When they were casting for the old western The Rifleman, one small boy was brought into the room after another, to meet the star Chuck Connors and the director.  Then young Johnny Crawford came in, a little gangly in the arms and legs, with tousled hair and large brown eyes.  “That’s the son of Lucas [...]

Can the Soviet Union Be Reformed? An Interview with Vladimir Bukovsky

George Urban: Soviet man! This is a hoary topic, but for me it has a continuing fascination because it is the key to the question, "is there such a thing as 'socialism' or 'communism' in the USSR?" You say in your book that the concept of Soviet Man was the starting point for all the [...]

Pluralism, Religious Belief, and Civic Virtue: How to Reopen the American Mind

Everyone is reading Allan Bloom. It is not necessary these days even to mention the title of his number one best-seller, The Closing of the American Mind. Simply mention Bloom's name and somebody else is also reading his book. That this book has become a best-seller is no surprise. No one who reads it comes [...]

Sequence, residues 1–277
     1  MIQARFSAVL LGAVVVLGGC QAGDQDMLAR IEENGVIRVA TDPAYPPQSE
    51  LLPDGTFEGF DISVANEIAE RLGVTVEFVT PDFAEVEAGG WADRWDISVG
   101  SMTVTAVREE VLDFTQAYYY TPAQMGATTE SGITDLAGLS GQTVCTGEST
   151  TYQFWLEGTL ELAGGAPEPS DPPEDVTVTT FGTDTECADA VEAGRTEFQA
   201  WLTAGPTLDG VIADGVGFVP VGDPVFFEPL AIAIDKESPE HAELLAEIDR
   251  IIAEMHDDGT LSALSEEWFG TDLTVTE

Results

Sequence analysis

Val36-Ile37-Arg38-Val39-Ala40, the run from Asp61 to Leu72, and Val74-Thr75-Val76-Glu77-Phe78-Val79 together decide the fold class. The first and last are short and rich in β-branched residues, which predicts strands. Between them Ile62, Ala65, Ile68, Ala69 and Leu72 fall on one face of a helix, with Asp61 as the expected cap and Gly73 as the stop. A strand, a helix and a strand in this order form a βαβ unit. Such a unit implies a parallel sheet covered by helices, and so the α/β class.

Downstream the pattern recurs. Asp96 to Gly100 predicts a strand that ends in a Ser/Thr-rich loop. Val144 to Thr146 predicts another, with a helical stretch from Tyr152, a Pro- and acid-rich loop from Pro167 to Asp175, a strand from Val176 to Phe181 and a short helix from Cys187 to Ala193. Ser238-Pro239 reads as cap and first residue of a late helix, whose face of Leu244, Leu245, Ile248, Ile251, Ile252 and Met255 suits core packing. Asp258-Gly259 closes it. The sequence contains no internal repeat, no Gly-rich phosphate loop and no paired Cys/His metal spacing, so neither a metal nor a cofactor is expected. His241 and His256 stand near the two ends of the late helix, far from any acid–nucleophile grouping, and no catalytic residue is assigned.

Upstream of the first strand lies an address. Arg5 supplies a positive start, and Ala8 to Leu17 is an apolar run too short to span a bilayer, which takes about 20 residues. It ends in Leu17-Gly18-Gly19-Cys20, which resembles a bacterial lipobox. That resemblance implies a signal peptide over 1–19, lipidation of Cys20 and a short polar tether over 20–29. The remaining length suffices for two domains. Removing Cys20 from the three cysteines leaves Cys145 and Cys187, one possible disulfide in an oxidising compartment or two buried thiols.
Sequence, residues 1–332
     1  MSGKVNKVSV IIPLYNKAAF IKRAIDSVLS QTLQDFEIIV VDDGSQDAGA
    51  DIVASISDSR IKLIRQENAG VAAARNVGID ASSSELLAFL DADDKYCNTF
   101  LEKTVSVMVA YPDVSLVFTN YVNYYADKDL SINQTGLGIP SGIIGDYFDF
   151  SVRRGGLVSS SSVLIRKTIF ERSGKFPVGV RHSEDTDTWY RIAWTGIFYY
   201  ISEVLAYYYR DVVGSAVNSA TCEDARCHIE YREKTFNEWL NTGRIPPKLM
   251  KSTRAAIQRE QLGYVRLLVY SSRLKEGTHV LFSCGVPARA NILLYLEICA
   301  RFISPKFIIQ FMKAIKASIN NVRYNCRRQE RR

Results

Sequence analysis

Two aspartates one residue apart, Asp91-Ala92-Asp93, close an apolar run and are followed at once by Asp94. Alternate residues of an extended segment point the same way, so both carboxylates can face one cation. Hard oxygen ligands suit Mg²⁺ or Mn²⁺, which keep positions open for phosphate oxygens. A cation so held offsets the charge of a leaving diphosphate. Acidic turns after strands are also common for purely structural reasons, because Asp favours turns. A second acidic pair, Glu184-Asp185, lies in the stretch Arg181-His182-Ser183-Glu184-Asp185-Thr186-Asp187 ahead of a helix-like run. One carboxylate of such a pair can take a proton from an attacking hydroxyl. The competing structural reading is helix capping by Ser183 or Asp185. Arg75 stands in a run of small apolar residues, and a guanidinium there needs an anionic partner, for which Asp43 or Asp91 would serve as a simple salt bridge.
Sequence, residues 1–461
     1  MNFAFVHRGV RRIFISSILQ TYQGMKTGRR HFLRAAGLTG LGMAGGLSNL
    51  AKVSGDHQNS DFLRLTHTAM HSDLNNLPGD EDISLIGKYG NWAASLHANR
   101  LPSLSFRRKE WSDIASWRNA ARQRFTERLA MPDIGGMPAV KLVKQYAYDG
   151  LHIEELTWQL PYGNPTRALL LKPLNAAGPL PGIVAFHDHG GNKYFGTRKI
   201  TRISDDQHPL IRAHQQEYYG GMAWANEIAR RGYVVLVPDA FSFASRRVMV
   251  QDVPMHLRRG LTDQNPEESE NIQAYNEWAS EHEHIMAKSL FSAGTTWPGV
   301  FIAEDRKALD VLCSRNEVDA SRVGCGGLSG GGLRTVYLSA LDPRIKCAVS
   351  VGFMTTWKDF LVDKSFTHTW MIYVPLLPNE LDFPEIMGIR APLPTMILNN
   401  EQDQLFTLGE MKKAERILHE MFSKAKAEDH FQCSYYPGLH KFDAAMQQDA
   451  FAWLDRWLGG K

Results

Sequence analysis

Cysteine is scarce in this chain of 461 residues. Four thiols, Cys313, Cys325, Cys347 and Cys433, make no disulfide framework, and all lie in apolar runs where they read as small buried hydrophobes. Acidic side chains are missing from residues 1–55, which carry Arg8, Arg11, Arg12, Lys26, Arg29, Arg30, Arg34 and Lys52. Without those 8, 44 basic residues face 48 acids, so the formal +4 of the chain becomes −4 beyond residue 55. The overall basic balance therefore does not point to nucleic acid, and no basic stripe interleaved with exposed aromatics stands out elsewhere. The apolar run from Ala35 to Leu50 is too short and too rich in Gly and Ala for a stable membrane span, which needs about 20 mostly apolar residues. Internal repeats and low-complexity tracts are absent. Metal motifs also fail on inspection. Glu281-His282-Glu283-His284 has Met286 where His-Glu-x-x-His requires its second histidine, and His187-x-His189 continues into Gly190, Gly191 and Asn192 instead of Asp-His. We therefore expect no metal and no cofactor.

The Last Word: Living By Our Wits

Among several of my friends, Sheldon Vanauken's essay on capital punishment in our September issue ["The Death Penalty: What Should Be the Christian Attitude?"] has stimulated some sharp and passionate comments. This is as it should be. For — let's be blunt — we are talking about deliberately putting human beings to death. Is that [...]

The Death Penalty What Should Be the Christian Attitude?

And may God have mercy on your soul. The judge's face is quiet and stern as his level voice ceases. Death. The words hang in the air. The courtroom is hushed. Dust motes dance in a bar of sunlight. The jury look down at their laps. A gray-haired woman weeps silently. Somewhere in the distance [...]

Sense and Nonsense: The Tracts on Tyranny

During last spring's academic semester, I taught a course in Classical Political Thought. One of the texts we used in this course was Leo Strauss's On Tyranny, which is based on Xeneophon's Hiero. The classical treatments of tyranny, of course, are in Plato and Aristotle, but Xenephon is also of great value, especially in the [...]